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Felix Adamo/ The Californian

Julie Farmer is the only person charged in the case who didn't take a plea deal.

FRESNO — After five days of testimony from more than a dozen witnesses, federal prosecutors rested their case Tuesday against Bakersfield mortgage fraud defendant Julie Farmer.

As the day’s court proceedings were drawing to an end and the jury had been excused, the former office manager’s Fresno defense attorney, Tony Capozzi, told the judge he thought the government had failed to present evidence that Farmer had knowingly conspired to defraud lenders, or that she was even aware of such a conspiracy.

But Assistant U.S. Attorney Kirk Sherriff countered that there was a “ton of evidence” Farmer participated in the malfeasance. He said last week’s testimony from three people who had worked for Crisp, Cole & Associates Inc., also referred to as Crisp & Cole Real Estate — the company at the heart of the case — proved Farmer had participated in a scheme that cost lenders nearly $30 million in losses between 2004 and 2007.

The three witnesses were former financial official Sneha Ramesh Mohammadi and loan officers Christopher Lance Stovall and Jerald Teixeira. Each had agreed to testify as part of a plea agreement with prosecutors, and each said Farmer was part of the scheme or at least aware of it while it was occurring.

The case now turns to the defense, which predicted the trial will go to the jury for deliberations as soon as Thursday.

Tuesday’s proceedings at U.S. District Court in Fresno included testimony by a former loan processor at the company, who said Farmer was aware of forgeries being performed at the company’s mortgage arm, and that the defendant even complimented an employee’s signature-tracing work.

“Julie was looking over her shoulder,” Brandice Bingaman said, referring to forgeries done by another loan processor at the office.

Under cross examination, however, Bingaman, an employee of Tower Lending, explained that the forgeries were done only to clean up paperwork that had been red-flagged by a state Department of Real Estate auditor, and that the false signatures were never submitted to lenders for loans.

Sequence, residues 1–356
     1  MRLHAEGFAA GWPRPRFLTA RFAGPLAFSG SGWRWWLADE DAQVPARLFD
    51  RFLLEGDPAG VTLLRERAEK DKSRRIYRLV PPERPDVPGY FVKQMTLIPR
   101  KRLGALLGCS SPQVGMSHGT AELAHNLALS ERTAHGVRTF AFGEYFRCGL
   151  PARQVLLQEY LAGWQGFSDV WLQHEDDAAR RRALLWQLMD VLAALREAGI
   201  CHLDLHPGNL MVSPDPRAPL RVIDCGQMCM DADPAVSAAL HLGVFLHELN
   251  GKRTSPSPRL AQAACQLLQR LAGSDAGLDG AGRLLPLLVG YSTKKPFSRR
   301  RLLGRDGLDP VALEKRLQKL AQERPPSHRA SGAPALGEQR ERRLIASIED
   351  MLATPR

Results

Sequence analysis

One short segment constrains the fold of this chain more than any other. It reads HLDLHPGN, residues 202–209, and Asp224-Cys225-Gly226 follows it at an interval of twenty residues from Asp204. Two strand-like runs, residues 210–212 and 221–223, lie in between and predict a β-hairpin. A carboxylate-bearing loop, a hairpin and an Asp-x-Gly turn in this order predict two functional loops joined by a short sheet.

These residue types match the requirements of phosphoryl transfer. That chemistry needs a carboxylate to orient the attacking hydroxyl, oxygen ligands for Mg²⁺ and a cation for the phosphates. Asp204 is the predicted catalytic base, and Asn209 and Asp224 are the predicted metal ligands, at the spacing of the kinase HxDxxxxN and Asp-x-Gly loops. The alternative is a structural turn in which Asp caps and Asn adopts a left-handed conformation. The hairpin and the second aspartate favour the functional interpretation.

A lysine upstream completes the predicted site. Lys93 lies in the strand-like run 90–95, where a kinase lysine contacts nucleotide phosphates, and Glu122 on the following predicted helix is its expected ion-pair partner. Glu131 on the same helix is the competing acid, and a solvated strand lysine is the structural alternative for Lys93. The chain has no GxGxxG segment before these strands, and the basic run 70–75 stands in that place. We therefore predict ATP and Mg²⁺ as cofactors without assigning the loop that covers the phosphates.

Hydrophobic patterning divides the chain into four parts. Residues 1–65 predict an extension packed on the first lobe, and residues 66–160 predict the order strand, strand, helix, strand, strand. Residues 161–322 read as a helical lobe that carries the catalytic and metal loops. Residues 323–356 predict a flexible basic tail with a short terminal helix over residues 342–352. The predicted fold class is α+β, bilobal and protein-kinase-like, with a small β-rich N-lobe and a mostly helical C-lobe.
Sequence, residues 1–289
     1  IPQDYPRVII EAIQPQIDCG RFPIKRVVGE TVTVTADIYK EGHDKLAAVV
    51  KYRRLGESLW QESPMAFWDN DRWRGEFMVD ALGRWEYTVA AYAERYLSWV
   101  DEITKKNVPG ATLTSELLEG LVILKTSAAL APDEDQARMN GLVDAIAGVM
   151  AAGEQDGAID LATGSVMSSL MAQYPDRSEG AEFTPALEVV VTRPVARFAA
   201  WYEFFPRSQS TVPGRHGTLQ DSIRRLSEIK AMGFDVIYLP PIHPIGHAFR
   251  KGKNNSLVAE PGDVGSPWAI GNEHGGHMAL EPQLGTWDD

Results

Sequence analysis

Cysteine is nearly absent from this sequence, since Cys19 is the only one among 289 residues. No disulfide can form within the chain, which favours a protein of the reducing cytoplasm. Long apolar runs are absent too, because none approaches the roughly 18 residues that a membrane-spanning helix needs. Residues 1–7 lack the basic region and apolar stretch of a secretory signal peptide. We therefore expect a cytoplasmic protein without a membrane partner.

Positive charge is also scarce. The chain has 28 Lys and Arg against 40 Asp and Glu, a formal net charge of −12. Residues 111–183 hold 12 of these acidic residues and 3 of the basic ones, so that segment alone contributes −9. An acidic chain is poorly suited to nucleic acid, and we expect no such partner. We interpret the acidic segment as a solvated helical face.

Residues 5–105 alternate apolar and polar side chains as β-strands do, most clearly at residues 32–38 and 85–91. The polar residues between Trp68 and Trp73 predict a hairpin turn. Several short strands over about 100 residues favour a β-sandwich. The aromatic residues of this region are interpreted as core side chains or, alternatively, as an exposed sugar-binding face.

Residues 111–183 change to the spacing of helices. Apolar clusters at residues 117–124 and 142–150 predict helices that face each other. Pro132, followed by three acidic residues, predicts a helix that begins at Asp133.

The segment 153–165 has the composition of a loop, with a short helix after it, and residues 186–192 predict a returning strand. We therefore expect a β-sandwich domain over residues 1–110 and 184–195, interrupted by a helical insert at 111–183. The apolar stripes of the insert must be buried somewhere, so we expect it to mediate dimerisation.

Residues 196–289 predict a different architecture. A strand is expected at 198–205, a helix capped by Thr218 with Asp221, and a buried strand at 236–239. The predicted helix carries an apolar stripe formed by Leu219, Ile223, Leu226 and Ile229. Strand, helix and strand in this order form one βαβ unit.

Also Tuesday, a former real estate agent with the company known as Crisp & Cole testified that Farmer instructed him in late 2006 to make a series of financial transactions needed to complete a home loan obtained under false pretenses.

Jeriel Salinas was a “straw buyer” in the $1.3 million purchase of a Shaver Lake home nominally owned by Farmer but which actually belonged to Crisp & Cole.

He said Farmer told him to notify her when his credit union had received $130,000 the company had wired to his account to help secure approval of two loans funding the transaction.

He said Farmer also instructed him to deliver two cashier’s checks totaling $105,000 to the now-defunct company after the deposit had been confirmed. The property was one of many the company owned that eventually went into foreclosure.

Under questioning by Capozzi, Salinas acknowledged the defendant never asked him to buy the property, and that he was owed some $400,000 by the firm’s co-owner, David Crisp.

But Salinas rejected Capozzi’s suggestion that the $130,000 wired to his account constituted partial repayment of the debt.

“It just went right back out” of Salinas’ account after the loan was approved, Salinas said.

Prosecutors have alleged Farmer was involved in directing a mortgage fraud ring led by Crisp and business partner Carl Cole, both of whom pleaded guilty to conspiracy to commit mail, wire and bank fraud. Each has been sentenced to 17 1/2 years in prison.

Farmer has maintained she was unaware of any illegal activity and was only following orders. She is the only one of 15 defendants without a plea deal.

Farmer faces charges of conspiracy to commit mail, wire and bank fraud, six counts of mail fraud, four counts of wire fraud and one count of conspiracy to commit money laundering.

Prosecutors say people involved used straw buyers to obtain home loans fraudulently and then sold the properties multiple times to extract the equity.

Bingaman said that under an arrangement with prosecutors, she testified Tuesday on the condition that nothing she said can be used to prosecute her. She currently faces no criminal charges.

Salinas pleaded guilty in November to one count of conspiracy to commit mail, wire and bank fraud and is scheduled to be sentenced May 12.

Farmer took notes and appeared to pay close attention to Tuesday’s testimony but otherwise showed little reaction to the witnesses’ testimony. Her lawyers say she plans to take the witness stand in her own defense later this week.

Two FBI forensics experts took the witness stand Tuesday. One, a computer examiner, discussed a number of spreadsheets and other digital real estate records Farmer had worked on. Some involved properties prosecutors allege were bought and sold fraudulently.

The other FBI expert, a forensic accountant, discussed diagrams he had created of complex financial transactions surrounding five properties Crisp & Cole had owned under straw buyer arrangements. Each of the properties ended up in foreclosure, but not before the company was able to extract various commissions, sales proceeds and loan origination fees.

The accountant, Joseph Weston, testified about a company ledger about 30 pages in length with many hundreds of entries. He said there were many instances where Farmer was listed as having received thousands of dollars in commissions.

But Weston conceded under cross examination by Capozzi that he did not know what the commissions were for.

“I really can’t say if they’re normal or not,” Weston said, adding that he was not an expert in real estate or mortgage loans.